Community Research and Development Information Service - CORDIS

Ethics and social considerations in technology for ageing

Information and communication technologies (ICTs) are improving the lives of the elderly like never before, but they raise societal and ethical concerns. An EU initiative addressed these issues.
Ethics and social considerations in technology for ageing
From assistive technologies to monitoring systems, ICTs allow the elderly to enhance their quality of life by staying healthy, independent and active. Going hand in hand with ICT for ageing is the respect for values such as human dignity and autonomy. A greater understanding is needed for the way in which existing values drive technology innovation, and how technology is changing people's standards. Such fundamental values need to be built into the design stage of ICTs from the very start.

The EU-funded VALUE-AGEING (Incorporating European fundamental values into ICT for ageing: A vital political, ethical, technological, and industrial challenge) project sought to better address social, ethical and value implications of ICT for ageing.

Skills exchange and knowledge transfer was carried out by 23 seconded researchers, and eight recruitments were completed. They performed a fact-finding exercise, developed specific metrics, established a best practice database, and devised action plans that identify, assess and present policy options.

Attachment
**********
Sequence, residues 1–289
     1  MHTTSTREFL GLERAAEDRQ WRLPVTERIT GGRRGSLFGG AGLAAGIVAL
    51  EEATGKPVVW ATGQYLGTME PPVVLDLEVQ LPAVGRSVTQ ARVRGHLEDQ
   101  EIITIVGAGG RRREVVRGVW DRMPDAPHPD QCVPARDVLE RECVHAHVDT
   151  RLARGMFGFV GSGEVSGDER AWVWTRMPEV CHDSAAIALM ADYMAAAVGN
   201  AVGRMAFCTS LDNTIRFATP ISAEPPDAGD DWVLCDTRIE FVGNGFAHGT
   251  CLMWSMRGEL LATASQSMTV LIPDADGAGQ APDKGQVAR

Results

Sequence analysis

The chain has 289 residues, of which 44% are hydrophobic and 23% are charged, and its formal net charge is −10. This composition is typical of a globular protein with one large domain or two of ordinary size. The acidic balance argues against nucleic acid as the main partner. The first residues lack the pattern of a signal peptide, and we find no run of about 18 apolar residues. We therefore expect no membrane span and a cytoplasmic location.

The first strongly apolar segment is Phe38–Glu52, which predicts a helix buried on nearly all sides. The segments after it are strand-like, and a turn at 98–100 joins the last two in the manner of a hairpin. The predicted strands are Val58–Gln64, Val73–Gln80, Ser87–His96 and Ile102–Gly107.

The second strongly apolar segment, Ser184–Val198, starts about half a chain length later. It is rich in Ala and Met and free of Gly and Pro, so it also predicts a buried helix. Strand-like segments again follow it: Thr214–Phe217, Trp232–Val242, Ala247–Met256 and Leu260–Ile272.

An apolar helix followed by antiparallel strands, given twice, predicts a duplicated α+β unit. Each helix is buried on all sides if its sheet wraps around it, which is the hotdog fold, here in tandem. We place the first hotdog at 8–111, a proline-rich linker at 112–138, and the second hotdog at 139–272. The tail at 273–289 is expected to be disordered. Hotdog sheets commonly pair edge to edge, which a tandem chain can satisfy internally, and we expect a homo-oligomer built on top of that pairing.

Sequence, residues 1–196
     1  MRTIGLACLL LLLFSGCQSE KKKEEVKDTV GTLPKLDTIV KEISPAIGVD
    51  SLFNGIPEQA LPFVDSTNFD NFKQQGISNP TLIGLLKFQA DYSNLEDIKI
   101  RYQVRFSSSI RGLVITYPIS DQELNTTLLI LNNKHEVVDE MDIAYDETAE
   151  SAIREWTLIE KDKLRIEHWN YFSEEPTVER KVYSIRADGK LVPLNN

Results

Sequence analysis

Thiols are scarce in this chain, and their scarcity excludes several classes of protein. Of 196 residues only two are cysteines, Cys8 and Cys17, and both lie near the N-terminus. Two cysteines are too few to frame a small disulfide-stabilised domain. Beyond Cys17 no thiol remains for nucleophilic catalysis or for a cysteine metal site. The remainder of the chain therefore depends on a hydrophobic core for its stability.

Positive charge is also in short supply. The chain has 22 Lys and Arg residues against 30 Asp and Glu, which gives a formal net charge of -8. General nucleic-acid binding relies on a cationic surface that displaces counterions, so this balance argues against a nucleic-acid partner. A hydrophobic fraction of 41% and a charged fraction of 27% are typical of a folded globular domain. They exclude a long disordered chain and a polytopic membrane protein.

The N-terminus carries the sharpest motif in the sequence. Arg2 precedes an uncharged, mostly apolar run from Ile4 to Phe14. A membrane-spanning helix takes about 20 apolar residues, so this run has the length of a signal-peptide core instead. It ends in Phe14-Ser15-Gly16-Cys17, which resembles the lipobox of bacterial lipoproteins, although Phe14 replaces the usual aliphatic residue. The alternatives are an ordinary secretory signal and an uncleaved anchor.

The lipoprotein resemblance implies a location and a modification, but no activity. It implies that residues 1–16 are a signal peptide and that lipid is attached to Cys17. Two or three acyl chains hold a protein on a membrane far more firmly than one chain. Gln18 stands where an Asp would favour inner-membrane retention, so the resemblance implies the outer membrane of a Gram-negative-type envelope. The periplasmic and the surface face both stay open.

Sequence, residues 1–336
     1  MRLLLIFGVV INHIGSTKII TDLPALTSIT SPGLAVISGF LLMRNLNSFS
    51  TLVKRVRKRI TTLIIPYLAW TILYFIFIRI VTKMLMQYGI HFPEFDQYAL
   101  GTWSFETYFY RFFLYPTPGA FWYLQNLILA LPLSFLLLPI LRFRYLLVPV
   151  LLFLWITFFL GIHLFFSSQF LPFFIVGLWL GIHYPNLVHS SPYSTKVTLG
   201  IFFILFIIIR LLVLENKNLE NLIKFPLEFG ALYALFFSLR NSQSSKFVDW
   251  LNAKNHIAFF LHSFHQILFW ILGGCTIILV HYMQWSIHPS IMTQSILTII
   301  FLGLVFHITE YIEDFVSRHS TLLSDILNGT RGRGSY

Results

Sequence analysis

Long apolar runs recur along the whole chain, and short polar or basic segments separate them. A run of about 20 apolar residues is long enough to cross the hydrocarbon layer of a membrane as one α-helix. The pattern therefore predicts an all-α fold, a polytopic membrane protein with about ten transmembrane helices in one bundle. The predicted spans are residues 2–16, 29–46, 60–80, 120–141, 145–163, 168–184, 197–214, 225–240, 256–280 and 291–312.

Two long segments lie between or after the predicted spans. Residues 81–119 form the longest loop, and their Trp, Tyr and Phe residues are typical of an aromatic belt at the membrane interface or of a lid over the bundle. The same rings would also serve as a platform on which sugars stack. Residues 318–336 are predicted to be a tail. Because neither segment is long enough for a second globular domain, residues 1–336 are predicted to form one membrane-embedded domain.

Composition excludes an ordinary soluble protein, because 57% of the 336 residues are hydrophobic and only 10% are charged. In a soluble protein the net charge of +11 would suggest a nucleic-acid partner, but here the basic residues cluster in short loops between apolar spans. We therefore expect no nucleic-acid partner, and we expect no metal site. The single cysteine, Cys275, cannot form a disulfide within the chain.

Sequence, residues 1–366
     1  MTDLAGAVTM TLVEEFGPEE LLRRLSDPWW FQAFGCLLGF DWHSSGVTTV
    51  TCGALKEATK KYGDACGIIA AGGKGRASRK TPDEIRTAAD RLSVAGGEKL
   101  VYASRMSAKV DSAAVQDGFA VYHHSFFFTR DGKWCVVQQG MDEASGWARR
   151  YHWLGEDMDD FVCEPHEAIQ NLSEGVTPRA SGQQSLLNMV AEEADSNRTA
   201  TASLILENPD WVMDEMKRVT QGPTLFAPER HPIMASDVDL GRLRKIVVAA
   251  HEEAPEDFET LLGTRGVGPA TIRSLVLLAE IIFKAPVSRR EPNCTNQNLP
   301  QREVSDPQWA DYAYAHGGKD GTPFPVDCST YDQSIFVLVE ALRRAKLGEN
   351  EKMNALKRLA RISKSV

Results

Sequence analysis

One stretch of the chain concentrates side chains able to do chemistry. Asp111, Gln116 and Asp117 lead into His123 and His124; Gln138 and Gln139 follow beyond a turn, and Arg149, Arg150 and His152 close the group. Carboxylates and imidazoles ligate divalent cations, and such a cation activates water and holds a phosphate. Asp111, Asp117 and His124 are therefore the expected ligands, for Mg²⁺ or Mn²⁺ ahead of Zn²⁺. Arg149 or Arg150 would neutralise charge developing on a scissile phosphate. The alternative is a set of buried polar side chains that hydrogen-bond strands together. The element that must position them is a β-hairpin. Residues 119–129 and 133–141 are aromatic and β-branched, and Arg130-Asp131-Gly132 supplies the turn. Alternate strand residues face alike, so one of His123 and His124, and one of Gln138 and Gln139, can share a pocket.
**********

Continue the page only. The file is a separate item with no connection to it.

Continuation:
Based on the findings, project partners concluded that the universality of values to be incorporated into science and technology should consider local differences and realities. The EU needs to encourage national and local communities to get engaged. These communities are key to understanding the diversity of ICT impacts on the elderly and duplicating proven technology solutions.

The VALUE-AGEING team made several recommendations targeting policymakers, academia and industry. Effective and established ICT for ageing should be made accessible primarily within the public healthcare and long-term care systems. Older patients that do not adopt technologies should not be at a disadvantage as regards their medical treatment or care. The introduction of care technologies needs to be combined with inclusion in care networks, the development of new services and applicable legal preparations.

VALUE-AGEING outcomes call on researchers to consider what older people value and why they value it based on where they live. They also ask policymakers to identify vulnerabilities, re-engage with inequality and evaluate resource allocation.

Related information


Information and communication technologies, elderly, ageing, fundamental values, VALUE-AGEING
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